As that worn world, so gray and dim, 

That lies so far away from here, 
Beyond the horizon's rim, 

Knows not and cannot realize, 
And sneers to hear of. — Pitiful 

16 Of El Dorado. 

The plight of one whom suffering makes 
Incredulous and dull. 

That Eden should come true again, 

Serene as on its natal day, 
Smiling beneath the kindest skies 

Upon the lap of May; 

Who would believe it — seeing not — 
That we recover that lost land? 

Who would believe us without proof, 
Or trust the beckoning hand? 

But Nature keeps her precious things 
For her true children; gently here 

She calls them to her faithful breast 
And kindly draws them near. 

California Gold. 17 

California Gold. 

(The Eschscholtzia.) 

Never the grasp of greed, the brutal touch 

Of hands sin-grimed and sold 
To avarice and lusting over much, 

Have soiled thy virgin gold. 

Nor thee profaned, rare treasure-trove, that gleams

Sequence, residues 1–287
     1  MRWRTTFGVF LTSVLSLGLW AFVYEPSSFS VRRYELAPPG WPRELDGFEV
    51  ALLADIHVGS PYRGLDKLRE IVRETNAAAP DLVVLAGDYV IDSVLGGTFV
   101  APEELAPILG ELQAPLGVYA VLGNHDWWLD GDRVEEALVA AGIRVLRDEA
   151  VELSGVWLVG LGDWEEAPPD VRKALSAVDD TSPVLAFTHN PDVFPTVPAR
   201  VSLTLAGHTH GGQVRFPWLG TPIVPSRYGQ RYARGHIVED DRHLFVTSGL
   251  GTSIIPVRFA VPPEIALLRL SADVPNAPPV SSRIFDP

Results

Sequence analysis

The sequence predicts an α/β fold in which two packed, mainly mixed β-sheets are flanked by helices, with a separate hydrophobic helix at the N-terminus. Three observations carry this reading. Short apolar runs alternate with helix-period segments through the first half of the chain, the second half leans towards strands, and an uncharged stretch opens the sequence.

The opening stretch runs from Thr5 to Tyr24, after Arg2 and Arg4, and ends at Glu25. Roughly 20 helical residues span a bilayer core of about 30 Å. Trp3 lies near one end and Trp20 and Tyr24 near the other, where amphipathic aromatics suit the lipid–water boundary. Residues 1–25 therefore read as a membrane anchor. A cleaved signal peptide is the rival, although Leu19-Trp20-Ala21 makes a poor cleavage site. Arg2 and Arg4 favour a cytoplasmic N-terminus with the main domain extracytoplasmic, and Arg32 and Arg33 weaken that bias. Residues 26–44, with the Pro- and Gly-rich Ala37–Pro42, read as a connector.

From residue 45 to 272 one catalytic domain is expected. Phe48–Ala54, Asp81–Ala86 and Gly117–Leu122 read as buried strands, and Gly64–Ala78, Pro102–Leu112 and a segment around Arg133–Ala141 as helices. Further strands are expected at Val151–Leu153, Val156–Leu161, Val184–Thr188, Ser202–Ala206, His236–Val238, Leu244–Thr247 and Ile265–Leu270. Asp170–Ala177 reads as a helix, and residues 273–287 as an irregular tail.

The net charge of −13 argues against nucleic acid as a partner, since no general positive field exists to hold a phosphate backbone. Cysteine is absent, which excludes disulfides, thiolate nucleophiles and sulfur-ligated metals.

In El Dorado's earth! 
Never thy shining dulled or cankered seems, 

Nor cheapened is thy worth. 

And with thy unstained wealth we cannot buy 

Things garish, things that flaunt; 
Thou pleasurest not the coarsened, untaught eye; 

Thyself thou dost not vaunt. 

And yet, when night thy yellow flag hath furled, 
Often I bend, by stealth, 

1 8 Of El Dorado. 

To bless thee for thy day's work in the world, 
Thy glad, untroubled health. 

For I have marked thee when thou openest 

Upon the sun thine eyes, 
Baring to him the riches of thy breast — 

Scornful of all disguise. 

Are thy bright leaves a promise, golden flower, 

Of higher, rarer things